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Huge legal test on rent regulation looms for landlords

A New York appeals court will hear on Thursday a case involving rent regulation and Tishman Speyer's role at Stuyvesant Town and Peter Cooper Village.

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September 9, 2009 11:57 a.m.
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Updated: September 9, 2009 3:19 p.m.

The number of rent-regulated apartments in the city could be dramatically altered by a case the New York state Court of Appeals is slated to hear in Albany Thursday. Rent paid by thousands of individuals and the income of hundreds of landlords could be significantly affected the decision, expected to be handed down by the end of the year.

The issue is whether landlords can deregulate apartments while simultaneously receiving what are known as J-51 tax abatements, which are given for making building improvements. In March, a lower court ruled that Tishman Speyer Properties has been illegally deregulating apartments at Stuyvesant Town and Peter Cooper Village because it was receiving the tax breaks. Former owner Metropolitan Life was also named in the suit.

The case is critical for Tishman Speyer, which bought the sprawling complex in 2006 for $5.4 billion with plans of deregulating substantial numbers of units to increase cash flow and pare down debt. Tishman Speyer vastly overestimated the number of units it could deregulate, and as a result, experts say the real estate firm may run through its cash reserves by the end of year. In a report issued last month, Fitch Rating said that a default is likely on the $4.5 billion portion of the loan that has been sold off to various investors if an equity infusion or recapitalization doesn't happen.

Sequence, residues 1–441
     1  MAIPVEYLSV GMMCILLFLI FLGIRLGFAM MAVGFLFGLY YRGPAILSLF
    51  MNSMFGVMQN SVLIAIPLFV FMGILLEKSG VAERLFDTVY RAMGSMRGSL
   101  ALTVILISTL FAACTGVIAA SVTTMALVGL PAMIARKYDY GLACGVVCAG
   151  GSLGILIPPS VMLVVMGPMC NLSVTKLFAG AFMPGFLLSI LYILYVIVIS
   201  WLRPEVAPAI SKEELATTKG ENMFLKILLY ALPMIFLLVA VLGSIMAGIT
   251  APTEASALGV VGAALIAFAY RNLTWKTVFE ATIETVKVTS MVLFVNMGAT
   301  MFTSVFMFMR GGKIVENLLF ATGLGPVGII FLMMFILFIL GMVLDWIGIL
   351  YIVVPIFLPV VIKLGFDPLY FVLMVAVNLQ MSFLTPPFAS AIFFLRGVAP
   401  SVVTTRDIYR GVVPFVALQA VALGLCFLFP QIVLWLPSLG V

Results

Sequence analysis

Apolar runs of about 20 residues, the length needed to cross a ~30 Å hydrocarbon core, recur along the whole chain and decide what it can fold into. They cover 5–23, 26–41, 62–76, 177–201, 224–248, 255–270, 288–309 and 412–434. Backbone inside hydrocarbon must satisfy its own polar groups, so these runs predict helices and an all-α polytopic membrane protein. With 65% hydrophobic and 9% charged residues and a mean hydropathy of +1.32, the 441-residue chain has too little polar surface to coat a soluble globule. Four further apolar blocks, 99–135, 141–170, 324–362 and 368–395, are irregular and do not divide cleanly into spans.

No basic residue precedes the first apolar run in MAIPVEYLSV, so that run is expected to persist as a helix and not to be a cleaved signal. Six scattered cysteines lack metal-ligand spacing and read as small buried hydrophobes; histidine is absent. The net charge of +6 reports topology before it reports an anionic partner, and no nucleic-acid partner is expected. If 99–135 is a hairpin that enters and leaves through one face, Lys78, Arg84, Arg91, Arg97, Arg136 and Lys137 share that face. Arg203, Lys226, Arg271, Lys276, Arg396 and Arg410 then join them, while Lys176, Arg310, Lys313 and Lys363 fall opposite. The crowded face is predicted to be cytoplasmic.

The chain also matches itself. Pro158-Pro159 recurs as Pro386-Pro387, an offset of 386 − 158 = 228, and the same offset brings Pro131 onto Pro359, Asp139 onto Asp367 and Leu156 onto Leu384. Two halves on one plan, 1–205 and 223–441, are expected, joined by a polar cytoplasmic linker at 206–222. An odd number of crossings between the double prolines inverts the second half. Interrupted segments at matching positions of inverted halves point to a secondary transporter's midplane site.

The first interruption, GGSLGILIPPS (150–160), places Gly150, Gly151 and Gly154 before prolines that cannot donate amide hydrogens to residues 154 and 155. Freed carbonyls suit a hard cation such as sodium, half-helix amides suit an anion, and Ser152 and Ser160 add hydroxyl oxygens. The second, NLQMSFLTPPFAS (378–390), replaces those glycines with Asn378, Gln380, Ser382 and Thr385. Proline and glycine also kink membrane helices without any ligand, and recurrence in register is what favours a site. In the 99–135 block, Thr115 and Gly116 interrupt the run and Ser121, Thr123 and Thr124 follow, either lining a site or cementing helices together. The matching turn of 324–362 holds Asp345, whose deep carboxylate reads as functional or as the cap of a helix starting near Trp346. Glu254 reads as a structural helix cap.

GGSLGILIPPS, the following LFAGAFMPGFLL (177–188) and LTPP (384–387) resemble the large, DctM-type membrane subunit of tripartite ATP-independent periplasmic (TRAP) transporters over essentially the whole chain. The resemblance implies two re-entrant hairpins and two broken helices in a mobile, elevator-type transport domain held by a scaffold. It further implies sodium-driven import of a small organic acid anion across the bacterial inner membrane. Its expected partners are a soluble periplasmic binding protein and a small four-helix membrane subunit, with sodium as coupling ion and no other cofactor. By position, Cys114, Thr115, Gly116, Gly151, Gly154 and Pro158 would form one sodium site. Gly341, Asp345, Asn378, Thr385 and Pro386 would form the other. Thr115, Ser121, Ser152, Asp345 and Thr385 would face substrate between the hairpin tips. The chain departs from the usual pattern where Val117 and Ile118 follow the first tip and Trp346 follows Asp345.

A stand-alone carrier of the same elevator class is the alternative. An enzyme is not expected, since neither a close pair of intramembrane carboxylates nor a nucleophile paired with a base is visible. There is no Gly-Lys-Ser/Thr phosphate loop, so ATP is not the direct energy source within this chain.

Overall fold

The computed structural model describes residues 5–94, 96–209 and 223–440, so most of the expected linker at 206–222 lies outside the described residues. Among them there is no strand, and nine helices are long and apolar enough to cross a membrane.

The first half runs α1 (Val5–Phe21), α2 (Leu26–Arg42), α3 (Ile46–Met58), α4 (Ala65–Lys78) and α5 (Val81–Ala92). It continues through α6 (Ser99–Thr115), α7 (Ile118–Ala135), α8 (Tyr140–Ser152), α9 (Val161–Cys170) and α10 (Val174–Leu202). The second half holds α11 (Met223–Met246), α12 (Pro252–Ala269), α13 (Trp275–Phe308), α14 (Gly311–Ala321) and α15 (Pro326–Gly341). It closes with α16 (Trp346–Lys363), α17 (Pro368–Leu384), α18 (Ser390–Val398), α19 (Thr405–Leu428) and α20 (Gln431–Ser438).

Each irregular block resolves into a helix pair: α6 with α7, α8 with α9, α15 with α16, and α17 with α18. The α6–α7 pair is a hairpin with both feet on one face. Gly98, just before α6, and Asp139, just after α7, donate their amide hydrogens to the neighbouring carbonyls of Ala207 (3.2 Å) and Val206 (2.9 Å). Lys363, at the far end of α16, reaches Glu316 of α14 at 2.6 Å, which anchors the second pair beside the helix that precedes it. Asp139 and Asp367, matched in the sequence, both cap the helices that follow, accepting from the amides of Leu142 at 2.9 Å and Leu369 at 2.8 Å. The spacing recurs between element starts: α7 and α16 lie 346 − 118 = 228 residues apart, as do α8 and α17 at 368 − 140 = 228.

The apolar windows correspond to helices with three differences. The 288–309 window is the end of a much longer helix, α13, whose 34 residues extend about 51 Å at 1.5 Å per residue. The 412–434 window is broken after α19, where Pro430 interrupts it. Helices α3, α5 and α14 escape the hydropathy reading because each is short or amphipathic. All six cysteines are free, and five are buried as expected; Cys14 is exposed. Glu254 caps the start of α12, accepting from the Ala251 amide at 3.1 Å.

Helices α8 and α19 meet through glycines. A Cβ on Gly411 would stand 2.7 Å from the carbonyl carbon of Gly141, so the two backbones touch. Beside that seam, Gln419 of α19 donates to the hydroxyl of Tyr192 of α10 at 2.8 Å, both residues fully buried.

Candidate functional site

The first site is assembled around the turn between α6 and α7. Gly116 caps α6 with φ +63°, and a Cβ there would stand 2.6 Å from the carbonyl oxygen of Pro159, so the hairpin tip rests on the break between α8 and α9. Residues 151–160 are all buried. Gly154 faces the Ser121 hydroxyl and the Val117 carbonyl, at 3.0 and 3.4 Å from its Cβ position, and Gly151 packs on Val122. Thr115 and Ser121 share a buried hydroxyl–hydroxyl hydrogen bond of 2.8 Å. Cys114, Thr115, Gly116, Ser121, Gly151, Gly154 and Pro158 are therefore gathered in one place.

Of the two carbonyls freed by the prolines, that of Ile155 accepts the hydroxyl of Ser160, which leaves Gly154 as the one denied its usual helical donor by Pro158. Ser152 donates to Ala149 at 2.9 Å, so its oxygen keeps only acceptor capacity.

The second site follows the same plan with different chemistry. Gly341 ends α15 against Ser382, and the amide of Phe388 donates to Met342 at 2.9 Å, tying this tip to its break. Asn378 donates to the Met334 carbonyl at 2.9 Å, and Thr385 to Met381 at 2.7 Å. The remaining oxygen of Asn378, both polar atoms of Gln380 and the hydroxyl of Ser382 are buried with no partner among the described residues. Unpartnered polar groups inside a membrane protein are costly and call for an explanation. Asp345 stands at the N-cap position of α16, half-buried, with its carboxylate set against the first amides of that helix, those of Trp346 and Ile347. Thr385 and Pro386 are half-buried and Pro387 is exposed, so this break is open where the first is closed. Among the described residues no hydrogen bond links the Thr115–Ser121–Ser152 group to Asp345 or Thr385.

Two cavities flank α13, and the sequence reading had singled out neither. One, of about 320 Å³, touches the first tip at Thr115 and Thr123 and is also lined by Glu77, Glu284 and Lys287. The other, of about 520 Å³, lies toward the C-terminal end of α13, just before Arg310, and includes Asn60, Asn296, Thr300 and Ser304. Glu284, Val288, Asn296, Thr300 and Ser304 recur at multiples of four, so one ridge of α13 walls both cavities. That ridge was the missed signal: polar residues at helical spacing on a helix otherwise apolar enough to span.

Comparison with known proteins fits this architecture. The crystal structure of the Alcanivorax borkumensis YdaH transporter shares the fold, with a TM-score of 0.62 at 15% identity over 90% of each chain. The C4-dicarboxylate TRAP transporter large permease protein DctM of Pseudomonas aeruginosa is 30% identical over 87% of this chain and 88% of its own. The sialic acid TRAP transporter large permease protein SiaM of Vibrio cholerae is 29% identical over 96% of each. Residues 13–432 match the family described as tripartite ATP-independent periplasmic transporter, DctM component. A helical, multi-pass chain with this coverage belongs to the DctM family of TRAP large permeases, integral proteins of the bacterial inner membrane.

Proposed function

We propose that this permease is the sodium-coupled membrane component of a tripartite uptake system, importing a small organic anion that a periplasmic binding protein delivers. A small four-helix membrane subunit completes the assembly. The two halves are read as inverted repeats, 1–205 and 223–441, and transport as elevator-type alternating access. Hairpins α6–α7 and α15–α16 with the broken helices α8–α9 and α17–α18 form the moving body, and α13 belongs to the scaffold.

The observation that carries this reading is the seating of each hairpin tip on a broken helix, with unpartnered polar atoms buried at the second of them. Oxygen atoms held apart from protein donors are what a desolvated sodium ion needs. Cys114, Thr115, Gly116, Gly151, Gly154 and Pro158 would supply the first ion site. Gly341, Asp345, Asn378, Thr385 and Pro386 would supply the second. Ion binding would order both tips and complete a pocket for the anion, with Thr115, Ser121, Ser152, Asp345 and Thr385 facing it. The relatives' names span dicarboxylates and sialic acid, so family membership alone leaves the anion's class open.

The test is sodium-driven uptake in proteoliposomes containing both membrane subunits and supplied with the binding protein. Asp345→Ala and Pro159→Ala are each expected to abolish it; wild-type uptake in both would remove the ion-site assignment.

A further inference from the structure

Sources said that the case has stymied Tishman Speyer's attempt to shore up the complex's finances to date. They also say that a loss would be devastating. One lawyer estimated Tishman Speyer might have to repay $200 million to tenants it overcharged, and it would not be able to deregulate more apartments.

Tishman Speyer declined to comment, but sources have noted the company was just following standard industry practice. In a court filing, it requests that even if the decision is upheld, any remedy should not be applied retroactively.

Jack Lester, an attorney representing Stuyvesant Town residents on a related matter, said it is possible the court won't tackle the issue of the retroactive rent even if it decides in favor of the tenants, which would likely lead to further litigation.

“The J-51 benefits were intended to maintain affordable housing in the city,” Mr. Lester said. “If the court upholds the decision it will help preserve access to affordable housing."

The court's decision affects landlords besides Tishman Speyer, although no one is sure just how many companies or apartments will be hit. About half the city's 2 million rental apartments are regulated. Apartments can be deregulated for several reasons but the majority leave the system when they are vacated and their rents hit $2,000.

“The question is why should those who can afford to pay $2,000 be protected by rent regulation?” said Frank Ricci, director of government affairs for the Rent Stabilization Association, a lobbying group for landlords.

Mr. Ricci said that the city's tax revenues would suffer if the court rules against Tishman Speyer because landlords pay assessments based on their buildings' income, and revenue would fall if rents can't rise or have to be rolled back. He noted that if landlords are forced to repay tenants some back rents, landlords would like demand that some of their taxes been returned.

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